THE FLY - 1986





The Fly is a 1986 science fiction film produced by Brooksfilms and 20th Century Fox, directed by David Cronenberg, and starring Jeff Goldblum, Geena Davis and John Getz. It is a high budget remake of 1958 film of the same name, but with a substantially different plot. The soundtrack was composed by Howard Shore. This movie was shot in Toronto, Ontario.


The Fly was a box office success upon its release and was critically acclaimed in the press.






As with many of Cronenberg's films, The Fly deals with themes of bodily disfigurement or metamorphosis and the darker aspects of human emotions and behavior. The film also deals with the dangers of the misuse of science to terrible consequences. An underlying aspect of the story is the doomed love affair between Goldblum and Davis and the rivalry between Goldblum and Getz that results from this.


Goldblum plays Seth Brundle, a brilliant but eccentric scientist. He meets Veronica Quaife (Davis), a reporter at a convention. Brundle takes Veronica back to his place and shows her his invention: a set of devices that allow teleportation. She is highly impressed and agrees with Seth to act as a witness and document his work. Although the device can transport inanimate objects perfectly, it cannot do this with living things, turning them inside out. Seth demonstrates this with a baboon, killing it. Seth and Veronica begin a relationship, which inspires Seth. He realizes the machine is not perfectly recreating living objects but is rather "interpreting" them, and sets about adjusting his machine.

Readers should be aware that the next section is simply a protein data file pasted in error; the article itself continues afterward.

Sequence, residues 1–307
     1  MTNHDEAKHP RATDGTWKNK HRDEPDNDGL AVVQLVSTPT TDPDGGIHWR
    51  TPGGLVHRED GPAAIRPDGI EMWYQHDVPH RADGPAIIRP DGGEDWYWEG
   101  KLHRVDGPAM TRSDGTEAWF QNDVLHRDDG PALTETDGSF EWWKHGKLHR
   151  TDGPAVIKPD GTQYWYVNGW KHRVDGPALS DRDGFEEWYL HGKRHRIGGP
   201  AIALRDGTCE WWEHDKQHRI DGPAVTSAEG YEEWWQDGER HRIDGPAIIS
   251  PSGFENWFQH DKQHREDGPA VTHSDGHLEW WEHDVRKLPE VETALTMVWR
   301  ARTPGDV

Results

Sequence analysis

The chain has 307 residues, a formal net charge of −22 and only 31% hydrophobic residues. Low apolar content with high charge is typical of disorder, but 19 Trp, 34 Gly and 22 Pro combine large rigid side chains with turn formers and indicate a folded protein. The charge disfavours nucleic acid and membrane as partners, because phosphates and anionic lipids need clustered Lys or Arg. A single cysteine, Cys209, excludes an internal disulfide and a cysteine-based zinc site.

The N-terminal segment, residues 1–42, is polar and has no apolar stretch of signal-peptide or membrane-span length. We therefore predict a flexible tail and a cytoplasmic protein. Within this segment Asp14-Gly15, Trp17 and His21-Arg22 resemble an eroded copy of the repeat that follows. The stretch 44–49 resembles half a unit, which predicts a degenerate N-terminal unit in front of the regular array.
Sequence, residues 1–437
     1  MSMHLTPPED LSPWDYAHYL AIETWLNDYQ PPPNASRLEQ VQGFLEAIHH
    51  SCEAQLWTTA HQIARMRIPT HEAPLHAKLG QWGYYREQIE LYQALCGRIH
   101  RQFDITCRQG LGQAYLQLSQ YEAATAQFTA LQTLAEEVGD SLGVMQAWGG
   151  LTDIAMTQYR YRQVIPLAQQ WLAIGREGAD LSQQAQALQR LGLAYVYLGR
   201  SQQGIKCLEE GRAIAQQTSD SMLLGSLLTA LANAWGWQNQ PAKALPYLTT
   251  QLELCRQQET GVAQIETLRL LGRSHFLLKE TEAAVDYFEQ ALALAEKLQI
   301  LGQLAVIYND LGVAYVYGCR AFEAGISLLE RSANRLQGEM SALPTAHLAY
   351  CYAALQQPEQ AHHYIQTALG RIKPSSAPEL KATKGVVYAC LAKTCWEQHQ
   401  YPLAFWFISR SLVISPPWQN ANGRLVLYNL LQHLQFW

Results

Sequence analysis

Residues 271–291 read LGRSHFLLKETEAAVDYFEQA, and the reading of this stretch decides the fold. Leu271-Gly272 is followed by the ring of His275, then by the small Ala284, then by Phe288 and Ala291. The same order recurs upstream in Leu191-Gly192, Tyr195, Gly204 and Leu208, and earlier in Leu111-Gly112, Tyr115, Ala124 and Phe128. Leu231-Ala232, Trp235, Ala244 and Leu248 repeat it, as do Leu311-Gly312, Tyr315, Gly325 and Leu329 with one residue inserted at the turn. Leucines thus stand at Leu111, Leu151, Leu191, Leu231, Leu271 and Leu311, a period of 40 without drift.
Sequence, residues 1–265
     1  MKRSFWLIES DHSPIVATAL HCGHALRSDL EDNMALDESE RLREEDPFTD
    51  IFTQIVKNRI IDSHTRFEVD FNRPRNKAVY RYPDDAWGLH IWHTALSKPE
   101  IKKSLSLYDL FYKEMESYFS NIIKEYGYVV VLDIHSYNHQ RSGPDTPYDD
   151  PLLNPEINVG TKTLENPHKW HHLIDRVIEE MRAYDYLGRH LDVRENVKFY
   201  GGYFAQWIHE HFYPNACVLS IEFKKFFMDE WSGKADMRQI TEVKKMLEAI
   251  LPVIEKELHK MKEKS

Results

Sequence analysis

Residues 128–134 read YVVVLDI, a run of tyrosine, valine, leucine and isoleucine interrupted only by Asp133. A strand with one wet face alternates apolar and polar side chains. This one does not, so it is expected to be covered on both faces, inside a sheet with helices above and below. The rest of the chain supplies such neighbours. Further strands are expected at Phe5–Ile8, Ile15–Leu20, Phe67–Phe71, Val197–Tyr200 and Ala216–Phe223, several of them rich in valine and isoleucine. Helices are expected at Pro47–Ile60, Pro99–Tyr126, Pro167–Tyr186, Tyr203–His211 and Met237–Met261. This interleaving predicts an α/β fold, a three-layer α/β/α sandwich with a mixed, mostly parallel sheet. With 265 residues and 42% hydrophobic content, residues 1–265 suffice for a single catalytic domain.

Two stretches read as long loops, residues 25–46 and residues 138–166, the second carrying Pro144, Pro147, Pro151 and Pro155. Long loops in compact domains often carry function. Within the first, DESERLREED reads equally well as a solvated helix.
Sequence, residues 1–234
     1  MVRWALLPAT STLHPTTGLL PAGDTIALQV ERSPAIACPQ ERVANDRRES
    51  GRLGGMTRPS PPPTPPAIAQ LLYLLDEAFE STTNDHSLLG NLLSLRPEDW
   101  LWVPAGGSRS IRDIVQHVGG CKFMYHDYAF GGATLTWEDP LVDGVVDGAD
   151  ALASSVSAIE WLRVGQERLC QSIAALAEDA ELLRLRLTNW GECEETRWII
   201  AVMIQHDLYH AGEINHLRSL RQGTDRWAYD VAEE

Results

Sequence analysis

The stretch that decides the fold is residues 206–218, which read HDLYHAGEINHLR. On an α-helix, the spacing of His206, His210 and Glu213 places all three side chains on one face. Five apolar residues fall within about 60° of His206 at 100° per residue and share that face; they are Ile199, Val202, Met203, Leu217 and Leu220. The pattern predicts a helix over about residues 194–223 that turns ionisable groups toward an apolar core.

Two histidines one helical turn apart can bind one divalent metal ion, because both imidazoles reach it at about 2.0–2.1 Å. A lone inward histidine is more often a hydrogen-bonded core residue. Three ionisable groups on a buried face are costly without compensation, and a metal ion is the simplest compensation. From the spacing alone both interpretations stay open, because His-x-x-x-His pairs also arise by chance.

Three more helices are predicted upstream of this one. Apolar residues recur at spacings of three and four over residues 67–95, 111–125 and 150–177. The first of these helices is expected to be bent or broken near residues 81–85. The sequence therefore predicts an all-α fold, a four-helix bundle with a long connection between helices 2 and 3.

He succeeds in teleporting a baboon with no apparent harm. Flush with this success, and with his judgment impaired by alcohol and the worry that Veronica is rekindling her relationship with her boss and former lover Stathis Borans (Getz), he decides to teleport himself. Just as he's about to teleport, a fly gets into the pod with him. The computer, confused, splices together their DNA and Brundle gradually begins to transform into a hybrid (a "Brundlefly" as he calls it).


At first, Seth enjoys states of euphoria and heightened strength and endurance, especially in bed. As the metamorphosis progresses, he becomes violent and arrogant, and progressively less human in appearance, leaving sloughed-off human body parts in jars in his medicine cabinet. He also becomes incapable of eating solids and vomits digestive enzymes (which he refers to as "vomit-drop") that dissolve food and even flesh. Eventually, he realizes that not only is his body mutating, his mind is becoming more insect-like, brutal and driven by primitive appetites.


When he learns that Veronica is trying to have an abortion to rid herself of their possibly mutated child, he abducts her and traps her in a telepod, trying to restore his own humanity by fusing with her and their unborn child. Stathis Borans goes to her rescue but is injured and nearly killed by the almost fully-transformed Brundle, who dissolves Stathis' hand and foot with his corrosive vomit-drop. Stathis is spared death only by the pleading of Veronica, who begs Brundle not to kill him. Seth then undergoes his final transformation when his changed, more-insect-like body sheds the outer layer of decaying human flesh. However as the telepods are starting up, the wounded Borans manages to shoot the power cables connecting to Veronica's telepod so she escapes unharmed, and Brundlefly is gruesomely fused with chunks of metal from his own telepod door while trying to smash it open. As a final act of mercy, Veronica kills what used to be Seth Brundle.